Then I have another excerpt from his quote:

What we have now is a move to a system that would have a Conservative minister handing out cheques for particular projects as he or she deems appropriate.


Before diving into the specifics of Bill C-4, I wanted to raise into higher profile a consistent ideological theme: moving more and more decision-making in our system of government, which is a parliamentary democracy, away from Parliament, and at the same time moving decision-making of ministers into more and more discretion with less and less guidance.

Those of us who have practised law at any time know that administrative law provides a certain amount of accountability whereby a minister has to follow certain prescribed considerations or in fact delegates authority to expert boards. Less and less will we see this. More and more will we see ministerial discretion. As well, we know that ministers do not really exercise discretion, not in this administration. They do what they are told by the people at PMO, who I think one Conservative described brilliantly as a series of Stepford wives who insist on certain decisions being made a certain way.

To raise my concerns in brief, this bill would do serious damage to the health and safety provisions of the Canada Labour Code. It would change the definition of danger and the ability to refuse dangerous work. It would remove the health and safety officers.

As well, a different section of this bill would change the Public Service Labour Relations Act, again for more ministerial discretion about which aspects of public service work would be considered to be essential and therefore not open to the usual recourse that trade unions have in negotiations.

We see changes to the Immigration Act to increase ministerial discretion. I would like to cite concerns from the Canadian Bar Association on the immigration law section. They wrote to the committee:

The CBA Section has concerns about the limited consultation on this important change to Canadian immigration law and policy. Bill C-4 would substantially change the way in which economic immigrants are selected to come to Canada. The Bill would remove these changes from Parliamentary scrutiny and approval and give what appears to be unilateral authority to the Minister of Citizenship and Immigration to change selection rules and procedures.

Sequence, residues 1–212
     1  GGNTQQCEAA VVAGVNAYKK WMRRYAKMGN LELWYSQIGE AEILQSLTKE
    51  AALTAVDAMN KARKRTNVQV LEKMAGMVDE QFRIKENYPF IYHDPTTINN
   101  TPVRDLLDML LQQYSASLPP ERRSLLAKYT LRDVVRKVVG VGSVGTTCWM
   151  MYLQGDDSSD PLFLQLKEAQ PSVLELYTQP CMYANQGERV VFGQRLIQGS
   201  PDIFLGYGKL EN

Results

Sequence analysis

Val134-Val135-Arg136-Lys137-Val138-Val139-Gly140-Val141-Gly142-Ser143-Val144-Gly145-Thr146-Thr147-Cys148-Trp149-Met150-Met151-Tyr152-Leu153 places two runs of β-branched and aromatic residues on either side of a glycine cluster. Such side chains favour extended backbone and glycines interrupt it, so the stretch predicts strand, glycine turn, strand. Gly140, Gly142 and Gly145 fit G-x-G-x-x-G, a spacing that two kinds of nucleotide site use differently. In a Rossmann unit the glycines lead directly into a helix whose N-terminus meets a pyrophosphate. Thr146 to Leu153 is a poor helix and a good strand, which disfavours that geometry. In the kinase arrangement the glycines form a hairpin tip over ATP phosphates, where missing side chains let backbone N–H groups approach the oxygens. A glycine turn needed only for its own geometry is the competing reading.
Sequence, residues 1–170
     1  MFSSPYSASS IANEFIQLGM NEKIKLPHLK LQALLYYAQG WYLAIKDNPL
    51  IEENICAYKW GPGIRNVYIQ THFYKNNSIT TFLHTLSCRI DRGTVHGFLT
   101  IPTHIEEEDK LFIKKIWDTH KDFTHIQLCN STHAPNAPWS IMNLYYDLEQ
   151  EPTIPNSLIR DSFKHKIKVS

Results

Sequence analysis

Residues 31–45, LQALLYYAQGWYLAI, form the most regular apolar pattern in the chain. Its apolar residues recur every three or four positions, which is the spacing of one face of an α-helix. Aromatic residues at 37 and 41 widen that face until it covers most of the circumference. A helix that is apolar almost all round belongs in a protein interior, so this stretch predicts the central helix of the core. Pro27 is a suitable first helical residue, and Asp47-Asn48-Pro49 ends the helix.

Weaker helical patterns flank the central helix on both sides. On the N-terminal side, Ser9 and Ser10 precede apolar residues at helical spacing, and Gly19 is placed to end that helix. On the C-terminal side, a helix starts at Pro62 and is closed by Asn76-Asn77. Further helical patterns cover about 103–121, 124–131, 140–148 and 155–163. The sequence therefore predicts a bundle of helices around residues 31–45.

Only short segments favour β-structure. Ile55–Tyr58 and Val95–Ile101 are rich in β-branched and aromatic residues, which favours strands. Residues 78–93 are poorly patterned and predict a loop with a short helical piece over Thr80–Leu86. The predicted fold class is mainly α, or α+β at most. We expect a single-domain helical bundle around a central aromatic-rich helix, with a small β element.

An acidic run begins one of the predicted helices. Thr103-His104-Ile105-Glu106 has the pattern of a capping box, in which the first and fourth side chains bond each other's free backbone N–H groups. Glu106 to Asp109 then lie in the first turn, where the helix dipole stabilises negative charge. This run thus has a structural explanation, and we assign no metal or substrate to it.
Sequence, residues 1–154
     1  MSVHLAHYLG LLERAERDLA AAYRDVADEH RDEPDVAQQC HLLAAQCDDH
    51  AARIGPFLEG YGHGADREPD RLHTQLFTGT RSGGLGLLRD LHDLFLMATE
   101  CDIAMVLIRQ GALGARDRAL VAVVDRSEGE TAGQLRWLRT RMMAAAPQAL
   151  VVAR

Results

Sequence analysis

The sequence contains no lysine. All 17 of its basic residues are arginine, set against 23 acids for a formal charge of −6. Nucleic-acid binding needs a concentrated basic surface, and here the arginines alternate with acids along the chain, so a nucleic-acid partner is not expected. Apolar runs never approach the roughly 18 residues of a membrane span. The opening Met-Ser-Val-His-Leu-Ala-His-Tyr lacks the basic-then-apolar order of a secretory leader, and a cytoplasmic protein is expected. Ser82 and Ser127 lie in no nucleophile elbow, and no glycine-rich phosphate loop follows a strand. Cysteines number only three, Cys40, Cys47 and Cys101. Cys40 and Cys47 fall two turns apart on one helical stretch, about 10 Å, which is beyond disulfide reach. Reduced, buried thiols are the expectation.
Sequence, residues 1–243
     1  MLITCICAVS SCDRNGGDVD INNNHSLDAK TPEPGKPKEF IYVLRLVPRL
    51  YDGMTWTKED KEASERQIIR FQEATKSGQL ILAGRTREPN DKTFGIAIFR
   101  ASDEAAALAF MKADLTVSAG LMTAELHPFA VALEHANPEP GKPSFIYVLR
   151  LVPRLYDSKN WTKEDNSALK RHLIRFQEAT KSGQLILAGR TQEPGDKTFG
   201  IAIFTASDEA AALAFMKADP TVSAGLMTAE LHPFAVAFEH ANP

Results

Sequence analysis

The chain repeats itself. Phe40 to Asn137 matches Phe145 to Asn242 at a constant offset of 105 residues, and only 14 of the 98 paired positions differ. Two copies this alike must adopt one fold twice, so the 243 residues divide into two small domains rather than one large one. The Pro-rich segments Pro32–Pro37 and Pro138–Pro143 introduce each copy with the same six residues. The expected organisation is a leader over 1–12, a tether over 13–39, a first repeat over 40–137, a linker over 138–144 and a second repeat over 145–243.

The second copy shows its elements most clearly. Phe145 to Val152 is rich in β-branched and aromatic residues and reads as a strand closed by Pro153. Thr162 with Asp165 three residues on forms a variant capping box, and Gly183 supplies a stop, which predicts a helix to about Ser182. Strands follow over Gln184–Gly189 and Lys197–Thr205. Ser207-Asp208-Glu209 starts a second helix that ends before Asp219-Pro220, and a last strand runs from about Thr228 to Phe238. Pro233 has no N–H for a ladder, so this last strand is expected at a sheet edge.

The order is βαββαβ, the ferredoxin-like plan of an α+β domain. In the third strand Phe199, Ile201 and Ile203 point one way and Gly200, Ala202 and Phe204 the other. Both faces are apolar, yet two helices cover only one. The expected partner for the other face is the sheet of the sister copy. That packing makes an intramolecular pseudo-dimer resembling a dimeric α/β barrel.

Another section of the bill that has gotten very limited public attention is the section that appears in part 3, division 7, which is in aid of getting rid of our deficit by selling off assets. This is the sale of 20,000 hectares described as the Dominion Coal Blocks land.

My amendments at committee, had they been approved, would have provided some conservation protection. These lands are among the most ecologically significant in Canada. They are the blocks in the Flathead Valley and Elk Valley. They are an integral part of what is called the Crown of the Continent, right near the Waterton-Glacier International Peace Park, which is an international peace park on both sides of the border.

The Flathead has been protected by the strange reality of its ownership by the federal government over these years, but it is now to be sold for coal mining. We need to ensure that careful concern is applied to the conveyance of these lands and to ensure that we do not contaminate adjacent park areas. This is a concern already expressed by the United Nations.


Kevin Lamoureux: Mr. Speaker, I have to again try to emphasize, as the member has done, the importance of the immigration and other legislation that has been incorporated in this bill. I have argued in the past and will continue to argue in the future that this is the wrong way to bring in legislation. By doing it this way, we are not allowing for proper procedures on substantial pieces of legislation.